I’m not a comic-book-superhero kind of guy. I don’t know the difference between the Marvel characters and the DC characters. I don’t get excited when there’s some new movie in their universes. That said, I occasionally see movies like this, knowing that I’m not going to be as excited about them as the vast majority of the audience is. I go in with low expectations, though there have been times when I’ve walked out satisfied, such as the first Christopher Reeve “Superman,” the first Michael Keaton “Batman,” the first Tobey Maguire “Spider-Man,” and the first Gal Gadot “Wonder Woman.” They each charmed me in different ways.
That brings us to “Justice League,” in which DC brings six of its superheroes together: Batman (Ben Affleck), Wonder Woman (Gadot), Superman (Henry Cavill), The Flash (Ezra Miller), Cyborg (Ray Fisher), and Aquaman (Jason Mamoa). The latter three are new to the screen, which means we have to go through mini-origin stories of those characters. Of them, Miller is the only one worth watching, as he provides some much-needed comic relief, while Mamoa just comes off as the buffest surfer of all time reciting incredibly stupid lines. As for Fisher, he’s hampered by a character that’s under-written and as confusing as he is confused.
Wonder Woman is undeniably the star of the movie, and Gal Godot has proven her worth. Her standalone movie, released nine months ago, is one of the biggest earners of the year, and “Justice League” works best whenever she’s on screen. However, I hated the way the camera occasionally panned up her body to show us how great she looks — that’s the difference between having Zack Snyder direct your movie and having Patty Jenkins behind the scenes. Arguably the most popular actress in the world, Gadot now has the power to ensure she isn’t treated that way by directors in the future, just as she’s refused to reprise the role if producer Brett Ratner (who’s been accused of multiple sexually inappropriate incidents with other actresses) is anywhere near the project.
Ironically, Affleck is better as Bruce Wayne than he is as Batman. For some reason, when he’s in the cape and cowl, he uses a gruff deep voice (which is then electronically enhanced). Perhaps it’s to make him sound bigger and tougher, but it didn’t work in the previous chapters, and still doesn’t. He does have one good line: when Mamoa asks what his superpower is, Affleck replies, “I’m rich.”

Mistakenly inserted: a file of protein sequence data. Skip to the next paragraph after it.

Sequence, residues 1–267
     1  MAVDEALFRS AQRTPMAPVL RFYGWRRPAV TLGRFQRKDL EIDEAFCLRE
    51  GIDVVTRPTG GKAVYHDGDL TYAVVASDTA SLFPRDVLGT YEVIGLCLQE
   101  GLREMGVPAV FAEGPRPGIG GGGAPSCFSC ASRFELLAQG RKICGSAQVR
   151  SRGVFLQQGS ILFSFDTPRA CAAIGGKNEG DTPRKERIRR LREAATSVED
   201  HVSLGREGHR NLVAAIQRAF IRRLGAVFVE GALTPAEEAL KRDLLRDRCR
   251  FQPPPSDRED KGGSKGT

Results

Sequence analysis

Considering that its predecessors were all too dark and serious, I was happy to see more humorous moments like that in “Justice League,” as well as some good rapport between Batman and Wonder Woman and The Flash. The supporting cast includes JK Simmons, who I usually like, but seems out of place as Commissioner Gordon, since I still associate him with the Spider-Man universe, in which he has played newspaper editor Jonah Jameson several times.
Unfortunately for “Justice League,” its villain, Steppenwolf (Ciaran Hinds), is quite possibly the worst movie villain I have ever seen. He’s some kind of horned demon, or a demon with a horned hat or something. Whatever he is, Steppenwolf is, of course, bent on the destruction of mankind and blah blah blah. He’s boring, the CGI is terrible, and the flying mosquitoes around him only reminded me of the flying monkeys in “The Wizard of Oz.” The movie is also burdened with the idiotic decision to kill Superman in its previous chapter, but I won’t spoil how it’s handled (except to say it’s not well done).
Remember, though, my expectations for these movies aren’t high, and I’m more than willing to just sit back and see if they entertain me at all. Despite the above objections, “Justice League” mostly did. Maybe the series can go forward now with
this group of six central superheroes, forget about any more origin stories, and rely more on character interaction than CGI mayhem.
I give “Justice League” a 5 out of 10.